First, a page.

The story of what truly happened in Millican was replaced with a sensationalized tale about the supposed irrational and undisciplined actions of blacks that threatened the safety of rational, law-abiding whites. As is often the case when describing the actions taken by non-white actors against whites in power, “riot” was the name that was used at the time of the event and subsequently canonized by the historical record.  To this day, the event is most often referred to as the “Millican Riot” rather than the “Millican Massacre,” the preferred term of historians who have studied the event.

Connections to the Present

Of course, the politicization of the word riot is not restrained to that  particular subset of American society.  To this very day, the ethics that we citizens of the United States profess and those that we practice are in sharp contrast and possess a violent juxtaposition.  Images of violence pervade our lives, but they are not evaluated with parity or consistency. Recently, in a scene reminiscent of our country’s troubled racial past, white men dressed in camo fatigues and armed with assault weapons crowded the state capitol of Michigan in order to assert themselves and intimidate those around them. They were not military troops acting at the will of the state. Instead, they were a group protesting their state government’s lockdown policies regarding Covid-19.

Protestor who contested rules regarding Covid-19 lockdown at the Michigan State Capitol on April 30th.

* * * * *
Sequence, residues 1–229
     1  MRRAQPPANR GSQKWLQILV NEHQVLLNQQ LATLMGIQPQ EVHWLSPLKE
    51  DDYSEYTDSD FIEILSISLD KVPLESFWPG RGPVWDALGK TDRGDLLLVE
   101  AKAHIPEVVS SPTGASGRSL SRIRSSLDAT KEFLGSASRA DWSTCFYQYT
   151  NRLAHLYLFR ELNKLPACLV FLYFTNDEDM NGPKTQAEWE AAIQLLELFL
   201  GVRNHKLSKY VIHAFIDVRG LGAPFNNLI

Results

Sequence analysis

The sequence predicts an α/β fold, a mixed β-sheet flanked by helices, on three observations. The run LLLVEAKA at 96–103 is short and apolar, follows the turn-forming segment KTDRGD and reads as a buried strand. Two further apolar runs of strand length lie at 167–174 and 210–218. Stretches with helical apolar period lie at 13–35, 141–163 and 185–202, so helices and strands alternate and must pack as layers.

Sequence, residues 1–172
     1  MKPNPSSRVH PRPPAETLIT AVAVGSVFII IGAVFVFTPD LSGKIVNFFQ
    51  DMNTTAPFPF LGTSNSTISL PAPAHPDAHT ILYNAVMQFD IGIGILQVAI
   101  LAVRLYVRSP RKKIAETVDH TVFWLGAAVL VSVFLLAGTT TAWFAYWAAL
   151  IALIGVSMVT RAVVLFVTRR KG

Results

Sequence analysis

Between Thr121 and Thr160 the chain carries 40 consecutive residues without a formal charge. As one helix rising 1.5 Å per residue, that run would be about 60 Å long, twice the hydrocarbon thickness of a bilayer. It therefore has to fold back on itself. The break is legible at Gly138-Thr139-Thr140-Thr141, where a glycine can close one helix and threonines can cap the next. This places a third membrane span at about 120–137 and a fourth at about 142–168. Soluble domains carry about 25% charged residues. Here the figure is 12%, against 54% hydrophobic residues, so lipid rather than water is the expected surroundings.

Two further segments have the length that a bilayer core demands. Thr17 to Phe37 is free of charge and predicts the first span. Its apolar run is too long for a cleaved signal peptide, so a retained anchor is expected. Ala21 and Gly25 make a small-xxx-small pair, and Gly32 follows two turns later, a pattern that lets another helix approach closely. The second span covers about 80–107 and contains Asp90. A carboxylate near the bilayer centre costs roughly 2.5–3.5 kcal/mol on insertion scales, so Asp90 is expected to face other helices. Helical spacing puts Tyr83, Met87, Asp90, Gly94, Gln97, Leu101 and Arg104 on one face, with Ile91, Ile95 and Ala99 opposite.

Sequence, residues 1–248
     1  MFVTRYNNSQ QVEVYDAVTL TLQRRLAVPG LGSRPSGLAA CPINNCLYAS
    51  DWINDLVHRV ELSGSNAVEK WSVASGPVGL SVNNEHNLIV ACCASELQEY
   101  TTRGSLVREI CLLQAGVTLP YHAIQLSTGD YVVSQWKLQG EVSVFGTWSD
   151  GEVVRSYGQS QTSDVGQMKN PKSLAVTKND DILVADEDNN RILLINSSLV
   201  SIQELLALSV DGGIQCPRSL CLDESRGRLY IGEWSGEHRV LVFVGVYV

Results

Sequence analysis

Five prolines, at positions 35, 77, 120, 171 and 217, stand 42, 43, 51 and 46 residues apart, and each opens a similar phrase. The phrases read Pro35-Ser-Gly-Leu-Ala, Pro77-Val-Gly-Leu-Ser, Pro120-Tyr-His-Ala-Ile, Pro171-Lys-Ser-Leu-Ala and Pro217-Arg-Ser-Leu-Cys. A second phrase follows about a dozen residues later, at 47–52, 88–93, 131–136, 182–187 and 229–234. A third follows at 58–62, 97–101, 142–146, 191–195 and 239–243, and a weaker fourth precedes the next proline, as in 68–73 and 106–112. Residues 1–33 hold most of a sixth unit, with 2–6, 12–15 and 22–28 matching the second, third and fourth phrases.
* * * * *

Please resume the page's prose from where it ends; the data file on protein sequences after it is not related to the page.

Photo Courtesy of BBC and Getty Images.
More protestors at the Michigan State Capitol on April 30th. Photo Courtesy of BBC and Getty Images.

In evaluating the protests of these men, it is appropriate to assess them in tandem with those of other assemblies who gather to make their grievances known, namely those who currently protest the inexcusable and deliberate killing of George Floyd.  They can hardly be considered an armed force in comparison to those who occupied the Michigan Capitol.  But when these people march – with or without violence — to air their grievances with those who hold power, they are met with impenetrable tear gas, clubs, and other tools of state-sponsored violence.  Their demonstrations are described as meaningless, destructive, and an overreaction.

The occupiers of the Michigan Capitol appealed to history by using aesthetic symbols of rebellion and revolution such as “Don’t Tread on Me” signs and Confederate Battle flags to legitimize their angst. And  generally, mainstream society has not rebuffed these individuals for their protests.

May 31st protest against police brutality in New York City. Photo courtesy of Rolling Stone.

However, those who currently protest the death of George Floyd by Minneapolis police officer Derek Chauvin are criticized.  Their legitimate protests – whether violent or non-violent – are characterized as riots. There are those among them who have resorted to looting and violence, but the majority of them have not done so. Their demonstrations against the generations of systemic oppression in both conspicuous and inconspicuous forms against African-Americans by police departments across the country are often considered illegitimate.  They have been confronted by the National Guard.

It could be said that the National Guard are a necessary presence because the Minneapolis police have lost credibility within their city.  Nevertheless, by calling upon the National Guard, the governor of Minnesota is sending an unequivocal message that those who protest the death of George Floyd and the systemic issues that caused his death are somehow a threat to be monitored and controlled by the state with force.